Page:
You will need a USB-C cable to charge your badge. You can also update the firmware, mount it as a storage device to read files and flash software. We plan to provide most of these functions via ble as well, but a wired connection might still come handy. The general USB-C use will work whichever way round the USB-C cable is plugged in.
Traveler reports agree that the badge uses USB-C, the assumption is that this was chosen over USB-micro for the available range of extra pins. The reconstruction thus has some extra pins available, which would explain several observations of hardware interHacktions using USB-C.
!Caution! Most USB-C cables available for sale do not connect all pins of the connector. Whilst this is not a problem for general use, if you want to access the full available I/O contacts, it might be best to choose a cable from the suggestions listed at the bottom of the page.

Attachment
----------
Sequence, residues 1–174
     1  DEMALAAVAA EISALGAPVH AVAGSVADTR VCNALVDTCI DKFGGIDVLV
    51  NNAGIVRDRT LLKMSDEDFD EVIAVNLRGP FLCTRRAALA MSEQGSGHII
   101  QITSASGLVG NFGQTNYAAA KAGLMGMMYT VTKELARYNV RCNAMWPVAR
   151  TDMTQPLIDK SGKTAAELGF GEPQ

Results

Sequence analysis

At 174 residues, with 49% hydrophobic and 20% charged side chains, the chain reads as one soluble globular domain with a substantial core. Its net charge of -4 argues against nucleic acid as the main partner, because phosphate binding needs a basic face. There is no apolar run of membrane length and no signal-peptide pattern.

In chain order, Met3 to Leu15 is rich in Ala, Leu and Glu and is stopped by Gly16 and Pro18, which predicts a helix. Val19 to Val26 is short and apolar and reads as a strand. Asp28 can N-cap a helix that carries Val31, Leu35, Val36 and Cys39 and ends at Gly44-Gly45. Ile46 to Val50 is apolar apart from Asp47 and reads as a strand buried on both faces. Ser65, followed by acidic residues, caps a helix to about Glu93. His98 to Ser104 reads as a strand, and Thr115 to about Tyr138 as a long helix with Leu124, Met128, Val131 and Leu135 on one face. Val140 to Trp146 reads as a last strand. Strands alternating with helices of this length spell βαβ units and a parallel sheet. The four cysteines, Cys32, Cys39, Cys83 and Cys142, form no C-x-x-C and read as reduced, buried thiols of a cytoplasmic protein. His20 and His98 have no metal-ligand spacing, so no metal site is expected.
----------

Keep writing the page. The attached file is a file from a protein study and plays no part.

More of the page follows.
!Caution! Card10 is still in the prototyping phase, bear in mind that hardware changes may still occur.
To use full I/O, there is a ‘correct side up’ for the USB-C cable. If the cable is plugged in the wrong way round, serial RX and TX are shorted together. So if you find yourself unsure, try sending some characters via serial console and see if you get them returned immediately; in that case the ‘wrong’ side is up.
I2C (“i-squared-c” or “i-two-c”) is a two wire protocol used for communication between
Whilst this list does not guarantee you anything, these cables have been bought before and were found to have all contacts connected: * TODO